“Research is creating new knowledge” - Neil Armstrong
Thank-you for choosing Dr. Hettrich at Brigham and Women's Hospital (BWH) for your treatment. BWH is an internationally-known referral center for the most complex cases in nearly all areas of medicine and is one of the top research institutions in the world. The state-of-the art care we provide is a result of our commitment to advancing medical care through research into new and better treatments for our patients. We aim not only to treat your shoulder/elbow injuries and pain, but to also understand what factors contribute to patients having excellent outcomes so we can further improve patient care. This research will advance treatment methods for you and other patients in the future.
Most of our studies do not change the care you will receive, but simply involve answering some questionnaires, letting us know how you are doing over time. We want to make sure our treatments not only provide short term results, but provide pain relief and high level of function over the long term.
Findings from our research are shared with the medical community through articles in the top research journals for orthopaedic surgery and through presentations at conferences across the country and around the world. They are also shared online for patients.
Our research is made possible through grants, as well as the generosity of grateful patients who have invested in the future of shoulder and elbow care at BWH. If you would like to contribute to our research endeavors, please contact Nathan Cohen at (617)424-4382.
Current Research Projects
Multicenter Orthopaedic Outcome Network (MOON) – Shoulder
The MOON Shoulder group consists of 26 surgeons from 12 sites across the United States in both academics and private practice. The group focuses on high quality, prospective studies involving the shoulder.
- ShoulderInstability– prospective, multicenter trial hoping to learn the predictors for both excellent and poor function after surgery for shoulder instability. Dr Hettrich is the principal investigator for this study with Dr. Wolf (Iowa). Approximately 2000 patients will be enrolled in in this study and will be followed for up to 20 years. We currently have enrolled over 1200 patients!
Please follow our Facebook page for up-to-date news on enrollment and study findings!
Video on one of our publications:
- Rotator Cuff– prospective, multicenter trial run out of Vanderbilt University. Not currently enrolling, however, previous studies looked at predictors of success for physical therapy for rotator cuff tears. Recipient of the Neer award in 2010 and 2012.
Rotator cuff tears are one of the most common causes of shoulder pain in adults in the United States, accounting for 10.7 million outpatient doctor visits in 2013. Specifically, it is estimated that 65-70% of adults with shoulder pain have an underlying rotator cuff disorder. Rotator cuff injuries are common due to their degenerative nature, meaning that they occur slowly over time as a person ages, often without a distinct injury.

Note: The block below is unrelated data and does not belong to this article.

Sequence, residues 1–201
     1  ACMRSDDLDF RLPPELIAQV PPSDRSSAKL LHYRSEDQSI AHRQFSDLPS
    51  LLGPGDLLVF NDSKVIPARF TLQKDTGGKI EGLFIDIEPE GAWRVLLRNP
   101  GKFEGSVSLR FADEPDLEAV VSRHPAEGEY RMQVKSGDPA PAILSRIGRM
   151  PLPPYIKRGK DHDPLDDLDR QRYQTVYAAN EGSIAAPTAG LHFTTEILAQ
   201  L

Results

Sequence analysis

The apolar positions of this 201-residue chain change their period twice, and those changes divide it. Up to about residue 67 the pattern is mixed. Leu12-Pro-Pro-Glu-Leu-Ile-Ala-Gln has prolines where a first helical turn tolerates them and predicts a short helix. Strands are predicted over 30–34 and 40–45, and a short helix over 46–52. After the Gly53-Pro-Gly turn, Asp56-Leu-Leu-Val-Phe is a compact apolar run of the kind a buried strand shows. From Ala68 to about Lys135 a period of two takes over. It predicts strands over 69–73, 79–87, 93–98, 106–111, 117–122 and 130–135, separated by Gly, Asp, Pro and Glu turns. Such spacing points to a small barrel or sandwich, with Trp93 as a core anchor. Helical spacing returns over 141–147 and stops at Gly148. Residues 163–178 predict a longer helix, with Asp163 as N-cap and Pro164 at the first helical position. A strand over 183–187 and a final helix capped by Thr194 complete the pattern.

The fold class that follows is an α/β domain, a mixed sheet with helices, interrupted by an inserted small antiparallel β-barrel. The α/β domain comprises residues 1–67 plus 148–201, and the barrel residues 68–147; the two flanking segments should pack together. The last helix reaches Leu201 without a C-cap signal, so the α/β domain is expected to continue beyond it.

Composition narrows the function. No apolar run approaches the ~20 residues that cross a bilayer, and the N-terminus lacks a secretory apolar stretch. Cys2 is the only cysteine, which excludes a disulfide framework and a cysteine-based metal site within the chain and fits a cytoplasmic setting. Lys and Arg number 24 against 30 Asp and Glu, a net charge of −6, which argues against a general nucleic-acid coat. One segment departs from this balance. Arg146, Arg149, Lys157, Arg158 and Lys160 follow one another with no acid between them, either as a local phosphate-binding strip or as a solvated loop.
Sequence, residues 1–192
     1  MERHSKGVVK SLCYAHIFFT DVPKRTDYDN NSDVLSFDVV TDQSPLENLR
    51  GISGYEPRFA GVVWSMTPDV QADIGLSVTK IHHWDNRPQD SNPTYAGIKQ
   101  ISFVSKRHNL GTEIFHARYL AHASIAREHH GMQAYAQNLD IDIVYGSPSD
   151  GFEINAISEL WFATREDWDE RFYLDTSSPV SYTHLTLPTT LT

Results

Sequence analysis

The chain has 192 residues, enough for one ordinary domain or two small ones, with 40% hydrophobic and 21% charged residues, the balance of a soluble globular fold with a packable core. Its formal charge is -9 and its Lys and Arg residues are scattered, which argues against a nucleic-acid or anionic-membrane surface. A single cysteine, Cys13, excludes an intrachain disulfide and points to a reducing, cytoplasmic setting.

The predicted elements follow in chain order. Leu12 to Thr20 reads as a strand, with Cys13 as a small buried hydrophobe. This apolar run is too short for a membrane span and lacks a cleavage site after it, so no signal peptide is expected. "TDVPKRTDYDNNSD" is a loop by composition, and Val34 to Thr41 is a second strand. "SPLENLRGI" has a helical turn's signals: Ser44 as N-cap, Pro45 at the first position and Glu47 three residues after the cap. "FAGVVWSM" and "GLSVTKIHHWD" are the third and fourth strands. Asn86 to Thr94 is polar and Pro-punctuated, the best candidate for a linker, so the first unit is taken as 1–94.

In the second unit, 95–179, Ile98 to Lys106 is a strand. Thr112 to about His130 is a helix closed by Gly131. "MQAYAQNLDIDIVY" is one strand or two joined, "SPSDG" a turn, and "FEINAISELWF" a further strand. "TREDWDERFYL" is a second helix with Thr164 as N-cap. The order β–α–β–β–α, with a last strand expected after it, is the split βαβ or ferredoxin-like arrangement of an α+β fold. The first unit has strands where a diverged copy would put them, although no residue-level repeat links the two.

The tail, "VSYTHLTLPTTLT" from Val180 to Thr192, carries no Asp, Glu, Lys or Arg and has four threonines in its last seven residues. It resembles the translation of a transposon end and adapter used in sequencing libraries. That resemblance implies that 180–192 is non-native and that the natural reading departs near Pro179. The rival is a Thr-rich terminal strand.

The two standard treatments for atraumatic rotator cuff tears are non-operative (physical therapy alone) and operative (surgery followed by physical therapy). The percentage of rotator cuff patients treated with surgery rose from 33.8% to 40.4% from 2005 to 2012, showing an increasing tendency to treat with surgery. It is not clear, however, if this trend has resulted in more successful outcomes for patients. The purpose of the ARC Trial is to help answer this question. The ARC study is a randomized clinical trial comparing operative and non-operative treatment for rotator cuff tears that develop over time. This study aims to find out which treatment works better and for whom, in order to help patients in the future select the best treatment for them.
The Scapula (shoulder blade) plays an important role in shoulder function. We are interested in how the function of the scapula changes with certain shoulder pathologies, before and after surgery. We are looking at ways to optimize the function of the scapula to decrease pain and improve shoulder function in rotator cuff tears, shoulder instability, and in shoulder arthritis patients. To participate in this trial, non-invasive measurements of the scapula are performed during your clinic visit.
We have a particular focus on patients before and after reverse shoulder arthroplasty, as the scapula likely plays an even larger role in patient function following this surgery.
Modeling for Reverse Shoulder Arthroplasty
Using computer modeling, different placement and implant designs can be studied to optimize post operative function in patients. Previous research by Dr. Hettrich has examined placement of the glenosphere, rotation of the polyethylene implant, and the role of the rotator cuff muscles in implant stability and wear.
Dr. Hettrich is interested in the role genetics (a person’s genes) play in outcome following surgery. She hypothesizes that certain genes will make it more likely for a person to develop arthritis or stiffness after injury/surgery, and through identification of these genes patients can make more educated choices about their treatments and novel therapies can be developed. For certain conditions you may be asked about participating in a trial, which would involve providing a saliva sample.
Tendon to Bone Healing
Dr. Hettrich did a research fellowship while at Hospital for Special Surgery, primarily studying tendon to bone healing. This research won the Cabaud Award through the American Orthopaedic Society for Sports Medicine. This article can be seen here.
Dr. Hettrich is interested in studying ways to improve pain control after open shoulder surgery through the use of regional anesthesia and multimodal pain management.
Link to Dr. Hettrich’s Publications